Citing the need for family farmers and ranchers to have affordable access to quality health coverage, National Farmers Union urged Congress to vote against the American Health Care Act (AHCA). The bill is scheduled to be voted on by the U.S. House of Representatives on Thursday.
NFU President Roger Johnson sent a letter to the members of the House of Representatives on Tuesday, highlighting NFU’s primary concerns with the proposed legislation. The organization is troubled by the inclusion of a cap on Medicaid, reforms to the healthcare marketplace, and the proposed system of basing premium subsidies on a person’s age, rather than their income.
“NFU’s member-driven policy ‘affirms the right of all Americans to have access to affordable, quality health care,'” said NFU President Roger Johnson. “We believe the American Health Care Act (AHCA) would have serious negative impacts on farmers’ and ranchers’ access to affordable health insurance coverage.”
The AHCA’s proposed system of basing subsidies on age instead of income is particularly troublesome for small farms and younger farmers, noted Johnson. In 2012, 75 percent of farms sold less than $50,000 in agricultural products and 57% had sales less than $10,000. “Young farm families that don’t receive additional income or health benefits from off-farm jobs would find it extremely difficult to purchase health insurance.”
The Trump Administration this week released a list of 24 trade practices, including Country-of-Origin Labeling (COOL), that trade negotiators should prioritize in future negotiations. National Farmers Union (NFU) is urging the administration to keep COOL on the list, and to ensure a reinstatement of COOL would be allowable under any renegotiation of the North American Free Trade Agreement (NAFTA).
“For thirty years, NFU has championed Country-of-Origin Labeling, and we strongly believe the issue is important to American producers and consumers alike,” said NFU President Roger Johnson. “American producers raise the best beef and pork in the world, and they believe consumers should be able to know where the meat at the grocery store came from. The President should stick up for American consumers and producers by ensuring COOL is a priority for his administration’s trade negotiations.”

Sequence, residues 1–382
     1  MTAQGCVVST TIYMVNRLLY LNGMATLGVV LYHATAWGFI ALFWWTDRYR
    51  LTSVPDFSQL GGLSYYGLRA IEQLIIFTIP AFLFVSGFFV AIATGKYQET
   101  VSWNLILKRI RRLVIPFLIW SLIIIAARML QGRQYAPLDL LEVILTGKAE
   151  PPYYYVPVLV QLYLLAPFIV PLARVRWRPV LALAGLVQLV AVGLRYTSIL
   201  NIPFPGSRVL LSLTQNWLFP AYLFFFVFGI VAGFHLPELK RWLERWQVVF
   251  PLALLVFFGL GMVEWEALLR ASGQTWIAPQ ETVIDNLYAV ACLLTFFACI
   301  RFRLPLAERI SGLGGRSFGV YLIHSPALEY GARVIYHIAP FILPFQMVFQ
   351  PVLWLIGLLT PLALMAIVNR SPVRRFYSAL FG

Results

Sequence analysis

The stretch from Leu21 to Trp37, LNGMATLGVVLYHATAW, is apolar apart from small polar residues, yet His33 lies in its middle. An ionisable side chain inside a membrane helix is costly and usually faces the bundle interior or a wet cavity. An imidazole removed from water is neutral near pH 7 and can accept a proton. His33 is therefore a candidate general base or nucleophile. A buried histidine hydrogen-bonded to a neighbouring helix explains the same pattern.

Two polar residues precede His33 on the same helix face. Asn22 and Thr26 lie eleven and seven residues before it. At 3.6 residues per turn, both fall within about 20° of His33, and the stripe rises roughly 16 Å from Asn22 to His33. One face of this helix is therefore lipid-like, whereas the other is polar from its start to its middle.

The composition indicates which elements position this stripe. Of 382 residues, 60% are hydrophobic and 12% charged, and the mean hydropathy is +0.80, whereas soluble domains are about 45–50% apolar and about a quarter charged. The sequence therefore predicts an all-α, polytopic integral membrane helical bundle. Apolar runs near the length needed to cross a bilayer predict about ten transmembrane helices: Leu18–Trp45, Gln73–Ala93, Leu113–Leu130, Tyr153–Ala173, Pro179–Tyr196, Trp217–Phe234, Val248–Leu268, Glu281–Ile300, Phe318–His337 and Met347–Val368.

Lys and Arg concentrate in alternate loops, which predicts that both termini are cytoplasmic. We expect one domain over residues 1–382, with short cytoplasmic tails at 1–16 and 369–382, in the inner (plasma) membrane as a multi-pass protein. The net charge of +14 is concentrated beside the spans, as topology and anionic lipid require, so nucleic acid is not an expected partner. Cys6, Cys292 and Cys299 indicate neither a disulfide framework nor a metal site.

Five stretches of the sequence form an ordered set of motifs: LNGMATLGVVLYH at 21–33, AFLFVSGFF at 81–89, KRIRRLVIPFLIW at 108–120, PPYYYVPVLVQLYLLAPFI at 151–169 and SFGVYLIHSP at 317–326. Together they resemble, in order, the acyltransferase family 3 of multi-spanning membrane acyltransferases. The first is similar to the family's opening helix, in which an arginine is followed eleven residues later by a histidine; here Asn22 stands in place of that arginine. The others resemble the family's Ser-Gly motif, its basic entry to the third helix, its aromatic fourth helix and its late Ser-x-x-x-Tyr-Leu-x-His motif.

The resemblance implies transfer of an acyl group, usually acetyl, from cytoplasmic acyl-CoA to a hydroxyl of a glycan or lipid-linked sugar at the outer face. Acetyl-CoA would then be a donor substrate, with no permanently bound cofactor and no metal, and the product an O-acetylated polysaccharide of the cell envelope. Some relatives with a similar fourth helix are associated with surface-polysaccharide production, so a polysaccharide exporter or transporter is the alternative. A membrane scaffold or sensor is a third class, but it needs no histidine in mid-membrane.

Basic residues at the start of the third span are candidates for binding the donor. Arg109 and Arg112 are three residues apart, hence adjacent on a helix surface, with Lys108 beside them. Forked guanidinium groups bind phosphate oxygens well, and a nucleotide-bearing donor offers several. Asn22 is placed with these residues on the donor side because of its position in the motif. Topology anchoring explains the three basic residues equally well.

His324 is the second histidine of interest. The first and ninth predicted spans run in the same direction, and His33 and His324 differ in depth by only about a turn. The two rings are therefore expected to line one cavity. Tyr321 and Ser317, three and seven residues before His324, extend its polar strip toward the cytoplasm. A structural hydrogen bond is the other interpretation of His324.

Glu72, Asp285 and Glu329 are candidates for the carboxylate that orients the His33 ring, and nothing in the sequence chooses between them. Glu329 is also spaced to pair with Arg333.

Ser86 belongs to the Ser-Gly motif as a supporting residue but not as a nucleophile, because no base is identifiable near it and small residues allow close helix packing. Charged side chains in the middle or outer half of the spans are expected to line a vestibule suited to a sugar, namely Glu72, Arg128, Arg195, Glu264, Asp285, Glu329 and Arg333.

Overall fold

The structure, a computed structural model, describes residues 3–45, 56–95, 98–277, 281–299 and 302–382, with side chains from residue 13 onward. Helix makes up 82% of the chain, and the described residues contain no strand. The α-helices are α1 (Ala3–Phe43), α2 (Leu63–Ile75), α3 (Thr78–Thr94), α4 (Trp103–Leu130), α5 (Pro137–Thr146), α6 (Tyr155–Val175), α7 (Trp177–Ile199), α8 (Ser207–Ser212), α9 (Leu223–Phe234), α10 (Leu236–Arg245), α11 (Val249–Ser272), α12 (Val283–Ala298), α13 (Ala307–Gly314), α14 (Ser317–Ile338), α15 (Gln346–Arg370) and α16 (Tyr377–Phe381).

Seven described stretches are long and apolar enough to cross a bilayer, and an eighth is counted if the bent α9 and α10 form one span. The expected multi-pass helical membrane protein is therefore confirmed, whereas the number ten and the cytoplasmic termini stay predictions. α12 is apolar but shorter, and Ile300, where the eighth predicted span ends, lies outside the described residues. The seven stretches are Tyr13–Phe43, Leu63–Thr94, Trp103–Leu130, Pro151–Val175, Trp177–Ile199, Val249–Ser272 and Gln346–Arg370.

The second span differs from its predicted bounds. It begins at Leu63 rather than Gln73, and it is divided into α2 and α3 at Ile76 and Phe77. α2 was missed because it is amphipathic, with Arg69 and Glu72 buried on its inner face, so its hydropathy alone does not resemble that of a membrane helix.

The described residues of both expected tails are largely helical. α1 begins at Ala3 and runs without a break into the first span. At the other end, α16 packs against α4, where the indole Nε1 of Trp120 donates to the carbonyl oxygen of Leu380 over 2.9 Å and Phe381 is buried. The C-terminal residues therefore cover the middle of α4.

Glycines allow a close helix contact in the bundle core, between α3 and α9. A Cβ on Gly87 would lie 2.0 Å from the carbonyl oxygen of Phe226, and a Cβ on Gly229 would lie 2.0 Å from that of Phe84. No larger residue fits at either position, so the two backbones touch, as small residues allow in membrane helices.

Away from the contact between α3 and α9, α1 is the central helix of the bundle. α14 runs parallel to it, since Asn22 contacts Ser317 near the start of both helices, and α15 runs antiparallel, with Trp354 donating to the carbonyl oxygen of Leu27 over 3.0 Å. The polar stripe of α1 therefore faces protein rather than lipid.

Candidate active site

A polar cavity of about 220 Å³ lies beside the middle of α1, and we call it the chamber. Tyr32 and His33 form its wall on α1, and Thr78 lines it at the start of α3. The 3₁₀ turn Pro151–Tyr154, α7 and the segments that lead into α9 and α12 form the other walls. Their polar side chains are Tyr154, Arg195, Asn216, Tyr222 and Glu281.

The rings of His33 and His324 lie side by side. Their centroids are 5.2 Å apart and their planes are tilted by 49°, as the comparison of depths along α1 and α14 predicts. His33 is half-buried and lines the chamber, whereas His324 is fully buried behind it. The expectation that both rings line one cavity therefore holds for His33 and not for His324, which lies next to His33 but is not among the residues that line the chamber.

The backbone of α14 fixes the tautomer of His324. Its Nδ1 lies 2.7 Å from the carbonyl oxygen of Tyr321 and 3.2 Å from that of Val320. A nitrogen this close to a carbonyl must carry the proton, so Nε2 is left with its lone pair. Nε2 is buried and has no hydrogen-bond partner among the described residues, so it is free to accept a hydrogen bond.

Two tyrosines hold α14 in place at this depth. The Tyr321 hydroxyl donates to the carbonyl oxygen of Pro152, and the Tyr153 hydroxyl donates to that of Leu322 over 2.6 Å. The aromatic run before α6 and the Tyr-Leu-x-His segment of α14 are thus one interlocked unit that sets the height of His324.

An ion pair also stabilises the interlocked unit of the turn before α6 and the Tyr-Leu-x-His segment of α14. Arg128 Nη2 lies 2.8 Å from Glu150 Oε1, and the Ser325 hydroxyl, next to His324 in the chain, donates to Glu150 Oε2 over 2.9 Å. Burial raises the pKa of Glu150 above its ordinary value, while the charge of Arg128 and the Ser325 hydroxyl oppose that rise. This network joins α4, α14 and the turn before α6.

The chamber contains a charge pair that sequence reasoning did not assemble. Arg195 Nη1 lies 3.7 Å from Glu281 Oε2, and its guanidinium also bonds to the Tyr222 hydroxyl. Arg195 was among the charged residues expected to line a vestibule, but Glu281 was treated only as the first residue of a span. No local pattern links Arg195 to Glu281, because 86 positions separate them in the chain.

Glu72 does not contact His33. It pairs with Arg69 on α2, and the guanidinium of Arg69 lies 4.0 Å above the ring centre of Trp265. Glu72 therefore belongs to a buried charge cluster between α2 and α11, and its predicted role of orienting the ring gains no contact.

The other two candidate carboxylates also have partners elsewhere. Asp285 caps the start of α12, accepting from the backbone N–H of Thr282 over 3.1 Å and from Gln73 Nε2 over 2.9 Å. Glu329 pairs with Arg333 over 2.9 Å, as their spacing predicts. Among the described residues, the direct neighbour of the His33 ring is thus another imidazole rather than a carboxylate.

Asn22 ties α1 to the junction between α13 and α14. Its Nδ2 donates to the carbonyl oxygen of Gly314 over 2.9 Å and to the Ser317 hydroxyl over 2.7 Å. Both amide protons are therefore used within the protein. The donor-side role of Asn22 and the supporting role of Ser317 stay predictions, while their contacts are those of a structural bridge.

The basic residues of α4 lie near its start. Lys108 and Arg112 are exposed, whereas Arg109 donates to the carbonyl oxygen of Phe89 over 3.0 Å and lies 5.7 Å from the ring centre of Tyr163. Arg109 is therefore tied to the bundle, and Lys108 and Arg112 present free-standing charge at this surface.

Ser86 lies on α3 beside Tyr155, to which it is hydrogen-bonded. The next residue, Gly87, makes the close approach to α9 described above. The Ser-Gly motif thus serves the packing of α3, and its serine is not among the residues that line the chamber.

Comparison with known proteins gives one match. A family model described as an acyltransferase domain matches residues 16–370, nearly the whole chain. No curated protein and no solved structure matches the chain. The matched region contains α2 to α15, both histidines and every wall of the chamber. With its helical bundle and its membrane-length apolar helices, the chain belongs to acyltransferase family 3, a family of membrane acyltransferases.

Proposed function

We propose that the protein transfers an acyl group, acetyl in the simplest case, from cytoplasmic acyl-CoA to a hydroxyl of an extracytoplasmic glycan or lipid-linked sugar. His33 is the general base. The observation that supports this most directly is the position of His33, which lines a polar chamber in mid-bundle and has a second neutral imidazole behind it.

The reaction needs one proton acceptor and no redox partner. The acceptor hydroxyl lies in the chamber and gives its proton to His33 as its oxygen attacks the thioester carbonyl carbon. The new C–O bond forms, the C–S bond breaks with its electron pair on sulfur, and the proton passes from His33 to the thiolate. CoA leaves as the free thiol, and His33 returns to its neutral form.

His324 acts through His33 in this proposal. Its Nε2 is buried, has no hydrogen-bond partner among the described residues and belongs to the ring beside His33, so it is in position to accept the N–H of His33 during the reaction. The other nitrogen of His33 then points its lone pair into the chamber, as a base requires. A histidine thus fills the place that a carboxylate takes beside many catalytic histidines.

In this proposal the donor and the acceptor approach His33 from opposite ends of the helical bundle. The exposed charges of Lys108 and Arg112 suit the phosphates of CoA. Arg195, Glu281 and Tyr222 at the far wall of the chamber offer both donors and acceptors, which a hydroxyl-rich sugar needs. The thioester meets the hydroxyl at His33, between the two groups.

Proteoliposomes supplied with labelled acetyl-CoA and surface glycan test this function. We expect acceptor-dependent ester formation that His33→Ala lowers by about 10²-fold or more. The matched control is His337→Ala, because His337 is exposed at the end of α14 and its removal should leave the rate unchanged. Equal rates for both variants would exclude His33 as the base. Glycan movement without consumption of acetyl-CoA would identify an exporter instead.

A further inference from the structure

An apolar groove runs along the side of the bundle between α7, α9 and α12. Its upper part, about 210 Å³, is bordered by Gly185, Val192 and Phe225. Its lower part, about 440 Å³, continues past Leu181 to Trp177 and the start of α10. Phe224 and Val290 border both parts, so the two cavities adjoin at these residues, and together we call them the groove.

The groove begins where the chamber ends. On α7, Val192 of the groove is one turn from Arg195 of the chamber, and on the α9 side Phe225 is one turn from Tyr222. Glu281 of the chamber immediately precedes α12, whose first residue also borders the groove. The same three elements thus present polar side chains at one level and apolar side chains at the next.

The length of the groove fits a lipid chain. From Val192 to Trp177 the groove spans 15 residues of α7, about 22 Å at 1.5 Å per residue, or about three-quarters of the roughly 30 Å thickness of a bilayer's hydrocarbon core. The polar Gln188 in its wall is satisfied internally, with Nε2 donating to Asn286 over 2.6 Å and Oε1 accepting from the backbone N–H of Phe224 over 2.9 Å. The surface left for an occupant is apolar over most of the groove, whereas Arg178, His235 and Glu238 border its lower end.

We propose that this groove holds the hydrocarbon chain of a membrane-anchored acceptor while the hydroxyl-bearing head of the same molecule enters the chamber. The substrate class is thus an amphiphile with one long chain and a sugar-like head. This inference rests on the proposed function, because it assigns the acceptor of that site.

Land access, agricultural land tenure and farm succession are top challenges for US agriculture. In cooperation with USDA, Land For Good is hosting Changing Lands, Changing Hands from June 13-15 in Denver, Colorado.
This conference will bring together practitioners, educators, policymakers and advocates who work with and on behalf of farmers and landowners of all types, commodities, scales and regions. While there, attendees will have the opportunity to exchange knowledge, information, and research findings, build professional skills and networks, and collect and disseminate the wealth of ideas, experiences and perspectives from all regions and sectors.
Beginning farmers and ranchers, the NFU Beginning Farmer Institute (BFI) is accepting applications for its 2017/2018 class!
BFI brings together a select, diverse group of new farmers and ranchers from across the country. This group develops leadership and farm management skills together through three in-person meetings throughout the year in Washington, D.C., California, and Missouri.
Learn more about the program by visiting the link below, and apply today! The deadline is fast approaching – March 30, 2017 – so get your applications in quickly!
Applications for next year’s BFI are now available on NFU’s website. Application postmark deadline is March 30, 2017.
Take the Health Insurance in Agriculture Survey
Health insurance affects family farmers and ranchers and influences their business decisions. Take this USDA-funded survey to help researchers understand how health insurance policy affects farmers’ and ranchers’ decision to invest, expand, and grow their enterprises.